In Upper Marlboro, shopkeepers call him "David" and they know he likes his soda without ice. He always gets a warm, albeit slobberish greeting from Auggie, the dog that helps mind the hot-tub store called Water, Wood and Wings. For the most part, he says, the people are very nice in this little county seat he refers to as "Mayberry South."

Maj. David L. Shoemaker is the chief of Upper Marlboro's one-man police department, and he loves his job. He's not stuck indoors behind a desk; he has name recognition; he gets respect and occasionally a mild dose of excitement.

From 8:30 a.m. to 4:30 p.m., the brawny, 30-year-old chief, whose grayish eyes are hidden behind mirrored sunglasses, pounds the pavement of his half-square-mile beat. The walking has trimmed 40 pounds from Shoemaker, a former District Heights police officer who worked in Upper Marlboro for about seven months.

"This is a retirement home," he said, comparing his new post to his old one "where hell broke loose every other day."

The county government and the courthouse draw hundreds of people to the little town, where the evening population is only about 300. Daytime visitors include all sorts of law enforcers: jail guards, sheriff deputies for the courts, county police for the county administration building. But they are not there to police the town. That's Shoemaker's job.

It's the nonresidents who keep him busy, he says. Armed with a silver box of ready-to-write parking tickets, Shoemaker patrols the 22 parking meters of Main Street. On an average day, Shoemaker says he writes 35 $5 tickets.

"It's good revenue for the town," he said. In fact, about 7 percent of the town's $248,000 budget comes from parking fines, more than covering Shoemaker's salary of less than $16,000.

On rainy days he writes as many as 50 tickets. "Nobody figures I'd be dumb enough to be out in the rain," he says with a mischievous grin. No one is exempt from the tickets--not even his secretary or her mother. "When they the town commissioners hired me, they said no favoritism," the chief explained.

Of course not everyone takes the officer's tickets lying down. There is plenty of grumbling about his vigilance over the meters. When disgruntled people confront Shoemaker, he turns the other cheek. "I stand there and smile, tell them to have a nice day, and I'll talk to them when they can speak to me in a proper manner. Then I walk away."

Shoemaker insists that some of the worst parking offenders with the best excuses and shortest tempers are lawyers. "I have a running thing with a few attorneys on parking," Shoemaker chuckled.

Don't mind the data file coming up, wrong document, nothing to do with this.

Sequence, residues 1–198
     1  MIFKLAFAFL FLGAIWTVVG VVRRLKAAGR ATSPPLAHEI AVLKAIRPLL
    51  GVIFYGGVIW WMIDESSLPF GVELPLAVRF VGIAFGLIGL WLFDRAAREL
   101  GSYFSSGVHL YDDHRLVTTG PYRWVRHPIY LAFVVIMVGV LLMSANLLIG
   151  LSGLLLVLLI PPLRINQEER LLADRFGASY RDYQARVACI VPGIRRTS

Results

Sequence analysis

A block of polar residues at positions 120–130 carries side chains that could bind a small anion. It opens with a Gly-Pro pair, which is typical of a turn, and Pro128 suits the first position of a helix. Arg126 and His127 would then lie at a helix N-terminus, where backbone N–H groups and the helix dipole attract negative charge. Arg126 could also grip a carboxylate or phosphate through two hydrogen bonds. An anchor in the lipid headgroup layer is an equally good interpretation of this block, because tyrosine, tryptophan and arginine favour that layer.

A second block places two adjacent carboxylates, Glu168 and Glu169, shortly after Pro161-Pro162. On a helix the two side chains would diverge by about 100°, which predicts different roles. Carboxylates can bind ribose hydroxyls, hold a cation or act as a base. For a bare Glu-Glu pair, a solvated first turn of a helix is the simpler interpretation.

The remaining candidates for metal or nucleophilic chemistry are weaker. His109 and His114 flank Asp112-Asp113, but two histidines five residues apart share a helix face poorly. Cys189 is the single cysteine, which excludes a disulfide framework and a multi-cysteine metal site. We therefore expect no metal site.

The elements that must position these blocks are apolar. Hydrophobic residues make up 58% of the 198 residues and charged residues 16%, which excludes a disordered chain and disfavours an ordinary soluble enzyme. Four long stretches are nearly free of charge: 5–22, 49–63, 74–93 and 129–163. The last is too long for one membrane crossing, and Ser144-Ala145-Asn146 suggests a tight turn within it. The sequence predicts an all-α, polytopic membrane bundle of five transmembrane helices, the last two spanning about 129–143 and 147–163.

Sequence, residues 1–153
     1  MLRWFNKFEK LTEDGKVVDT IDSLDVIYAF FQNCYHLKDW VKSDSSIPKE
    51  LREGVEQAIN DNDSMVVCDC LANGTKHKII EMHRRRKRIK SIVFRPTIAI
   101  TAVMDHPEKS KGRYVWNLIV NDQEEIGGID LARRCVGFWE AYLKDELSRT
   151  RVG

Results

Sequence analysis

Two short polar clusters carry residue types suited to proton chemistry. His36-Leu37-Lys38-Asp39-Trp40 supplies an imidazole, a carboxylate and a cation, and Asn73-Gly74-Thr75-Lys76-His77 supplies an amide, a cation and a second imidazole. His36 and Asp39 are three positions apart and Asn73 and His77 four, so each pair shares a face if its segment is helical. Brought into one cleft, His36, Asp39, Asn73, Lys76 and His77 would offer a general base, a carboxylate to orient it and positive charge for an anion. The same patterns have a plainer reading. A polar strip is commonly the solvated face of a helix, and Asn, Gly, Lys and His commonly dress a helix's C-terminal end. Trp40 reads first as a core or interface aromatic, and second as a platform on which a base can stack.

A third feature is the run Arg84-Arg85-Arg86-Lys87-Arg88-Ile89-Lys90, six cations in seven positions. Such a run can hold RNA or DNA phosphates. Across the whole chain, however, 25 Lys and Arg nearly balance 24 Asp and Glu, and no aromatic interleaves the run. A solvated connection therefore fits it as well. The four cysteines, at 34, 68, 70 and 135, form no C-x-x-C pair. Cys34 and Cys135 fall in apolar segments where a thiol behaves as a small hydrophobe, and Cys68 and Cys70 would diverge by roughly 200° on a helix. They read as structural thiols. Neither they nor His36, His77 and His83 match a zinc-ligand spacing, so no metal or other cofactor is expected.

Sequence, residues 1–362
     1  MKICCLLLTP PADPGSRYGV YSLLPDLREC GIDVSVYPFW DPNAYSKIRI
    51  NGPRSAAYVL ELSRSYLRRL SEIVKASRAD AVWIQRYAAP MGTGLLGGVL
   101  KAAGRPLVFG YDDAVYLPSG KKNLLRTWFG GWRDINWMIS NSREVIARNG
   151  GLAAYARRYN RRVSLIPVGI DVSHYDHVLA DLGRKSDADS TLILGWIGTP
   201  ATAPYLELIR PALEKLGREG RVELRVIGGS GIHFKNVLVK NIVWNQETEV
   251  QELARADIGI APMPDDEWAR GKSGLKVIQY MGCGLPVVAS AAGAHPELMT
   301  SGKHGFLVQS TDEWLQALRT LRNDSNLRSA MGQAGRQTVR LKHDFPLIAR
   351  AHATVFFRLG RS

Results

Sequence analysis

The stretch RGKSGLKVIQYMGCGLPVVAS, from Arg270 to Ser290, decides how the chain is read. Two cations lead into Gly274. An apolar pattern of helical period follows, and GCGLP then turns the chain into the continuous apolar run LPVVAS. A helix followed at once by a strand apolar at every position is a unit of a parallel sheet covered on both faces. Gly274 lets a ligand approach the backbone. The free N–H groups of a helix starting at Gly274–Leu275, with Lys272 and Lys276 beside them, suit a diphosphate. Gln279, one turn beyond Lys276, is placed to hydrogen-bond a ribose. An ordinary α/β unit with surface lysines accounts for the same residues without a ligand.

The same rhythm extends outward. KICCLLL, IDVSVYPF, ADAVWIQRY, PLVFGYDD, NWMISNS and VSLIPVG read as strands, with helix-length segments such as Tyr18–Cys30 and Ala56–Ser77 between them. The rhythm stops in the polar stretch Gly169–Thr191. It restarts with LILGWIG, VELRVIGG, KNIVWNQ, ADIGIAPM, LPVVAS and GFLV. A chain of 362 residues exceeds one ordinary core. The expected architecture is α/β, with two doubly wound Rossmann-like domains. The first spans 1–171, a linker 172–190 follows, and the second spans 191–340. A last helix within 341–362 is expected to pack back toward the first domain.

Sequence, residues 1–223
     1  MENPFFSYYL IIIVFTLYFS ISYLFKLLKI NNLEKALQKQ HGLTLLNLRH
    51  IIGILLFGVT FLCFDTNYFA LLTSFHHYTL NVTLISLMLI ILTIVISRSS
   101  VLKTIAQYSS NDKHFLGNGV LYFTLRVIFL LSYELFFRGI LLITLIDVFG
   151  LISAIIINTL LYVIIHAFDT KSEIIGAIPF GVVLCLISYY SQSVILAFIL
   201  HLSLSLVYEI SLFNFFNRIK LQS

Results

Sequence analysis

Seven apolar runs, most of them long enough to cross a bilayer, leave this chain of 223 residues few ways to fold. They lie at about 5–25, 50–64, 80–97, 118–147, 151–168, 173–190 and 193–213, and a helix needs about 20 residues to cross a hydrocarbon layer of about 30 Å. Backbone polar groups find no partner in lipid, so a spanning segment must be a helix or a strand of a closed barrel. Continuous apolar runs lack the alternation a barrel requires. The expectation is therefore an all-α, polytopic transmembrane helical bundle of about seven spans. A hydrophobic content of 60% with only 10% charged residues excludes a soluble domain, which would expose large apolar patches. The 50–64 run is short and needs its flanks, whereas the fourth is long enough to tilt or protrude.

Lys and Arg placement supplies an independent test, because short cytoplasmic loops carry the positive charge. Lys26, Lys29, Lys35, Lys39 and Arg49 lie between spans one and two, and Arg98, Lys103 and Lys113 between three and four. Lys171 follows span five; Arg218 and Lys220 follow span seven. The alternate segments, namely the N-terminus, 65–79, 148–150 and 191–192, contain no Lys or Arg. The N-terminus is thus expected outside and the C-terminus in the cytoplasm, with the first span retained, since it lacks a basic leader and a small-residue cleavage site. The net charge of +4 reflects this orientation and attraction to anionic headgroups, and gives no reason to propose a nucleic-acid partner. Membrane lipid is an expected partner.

Fred Campbell, his predecessor, agrees. He remembers that during his three years as Upper Marlboro's chief his biggest hassles were with parkers who suffered from "the big-shot complex." But even listening to the excuses was fun, says Campbell, 60, whose health problems forced his retirement. "I miss the job greatly. . . .The people were very appreciative."

Policing the small town is not without its challenges. A few days ago, Shoemaker saw a man drinking from a paper cup in the courthouse parking lot. "I could smell alcohol about his person," the chief said, so he sniffed the cup and issued the man a citation for public drinking. The officer also searched the man's car and confiscated a loaded pistol.

Recently, Shoemaker has been tending to a rash of shoplifting at the Mini Mall. Several weeks ago, he caught two young women and a man after they had tried to steal some clothing from Maggie's Dress Shop. Shoemaker called the county police for help, and the suspects were caught as they headed out of town on foot.

While the county police provide coverage when Shoemaker goes home, he says the town, with four banks and two liquor stores, could use one more officer for night duty.

An avid fisherman and camper, Shoemaker grew up in Seabrook. "The only two things I ever wanted to be was a professional soldier or a cop," he said.

He still lives in District Heights, where he left the police department about a year ago. He said that when Campbell asked him if he'd like to take over in Upper Marlboro, he jumped at the opportunity.

"Becoming chief was the ultimate," Shoemaker said. "This is heaven."